Share via

Automatic Execution of Stored Procedures

Stored procedures marked for automatic execution are executed every time SQL Server 2005 starts. This is useful if you have operations that you want to perform regularly, or if you have a stored procedure that runs as a background process and is expected to be running at all times. Another use for automatic execution of stored procedures is to have the stored procedure perform system or maintenance tasks in tempdb, such as creating a global temporary table. This ensures that such a temporary table will always exist when tempdb is re-created as SQL Server starts.

A stored procedure that is automatically executed operates with the same permissions as members of the sysadmin fixed server role. Any error messages generated by the stored procedure are written to the SQL Server error log. Do not return any result sets from a stored procedure that is executed automatically. Because the stored procedure is being executed by SQL Server rather than a user, there is nowhere for the result sets to go.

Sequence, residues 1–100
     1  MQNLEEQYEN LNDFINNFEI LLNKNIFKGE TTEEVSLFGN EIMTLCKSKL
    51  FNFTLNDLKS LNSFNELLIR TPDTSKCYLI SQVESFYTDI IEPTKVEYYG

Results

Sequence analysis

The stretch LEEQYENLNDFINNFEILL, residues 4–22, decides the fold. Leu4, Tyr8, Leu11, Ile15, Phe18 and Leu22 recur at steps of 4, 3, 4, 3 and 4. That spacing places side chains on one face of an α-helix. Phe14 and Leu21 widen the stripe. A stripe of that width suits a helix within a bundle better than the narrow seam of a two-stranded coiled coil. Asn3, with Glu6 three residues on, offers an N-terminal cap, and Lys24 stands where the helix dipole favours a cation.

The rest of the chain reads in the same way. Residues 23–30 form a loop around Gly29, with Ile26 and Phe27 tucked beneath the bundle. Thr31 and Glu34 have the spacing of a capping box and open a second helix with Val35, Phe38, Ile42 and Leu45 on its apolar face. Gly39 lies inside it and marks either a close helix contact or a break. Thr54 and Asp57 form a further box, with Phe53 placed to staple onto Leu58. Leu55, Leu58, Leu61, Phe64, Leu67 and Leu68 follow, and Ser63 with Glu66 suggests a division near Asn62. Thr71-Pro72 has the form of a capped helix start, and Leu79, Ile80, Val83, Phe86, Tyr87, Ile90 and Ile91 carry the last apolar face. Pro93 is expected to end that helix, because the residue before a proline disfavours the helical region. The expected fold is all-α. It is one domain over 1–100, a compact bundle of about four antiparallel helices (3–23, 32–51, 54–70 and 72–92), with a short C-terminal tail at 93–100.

Execution of the stored procedures starts when the master database is recovered at startup.

Setting, Clearing, and Controlling Automatic Execution

Only the system administrator (sa) can mark a stored procedure to execute automatically. In addition, the stored procedure must be in the master database and owned by sa and cannot have input or output parameters.

Use sp_procoption to:

  • Designate an existing stored procedure as a startup procedure.
  • Stop a procedure from executing at SQL Server startup.

Although stored procedures are set for automatic execution individually, the SQL Server scan for startup procs configuration option can be set using sp_configure to prevent all stored procedures from executing automatically when SQL Server starts. To skip launching these stored procedures, specify trace flag 4022 as a startup parameter. If you start SQL Server with minimal configuration (using the -f flag), the startup stored procedures are not executed. For more information, see Trace Flags.

Best Practice

There is no limit to the number of startup procedures you can have, but be aware that each consumes one worker thread while executing. If you must execute multiple procedures at startup but do not need to execute them in parallel, make one procedure the startup procedure and have that procedure call the other procedures. This uses only one worker thread.

To set or clear a stored procedure for automatic execution

To set or clear the scan for startup procs configuration option

See Also


scan for startup procs Option

Help and Information

Getting SQL Server 2005 Assistance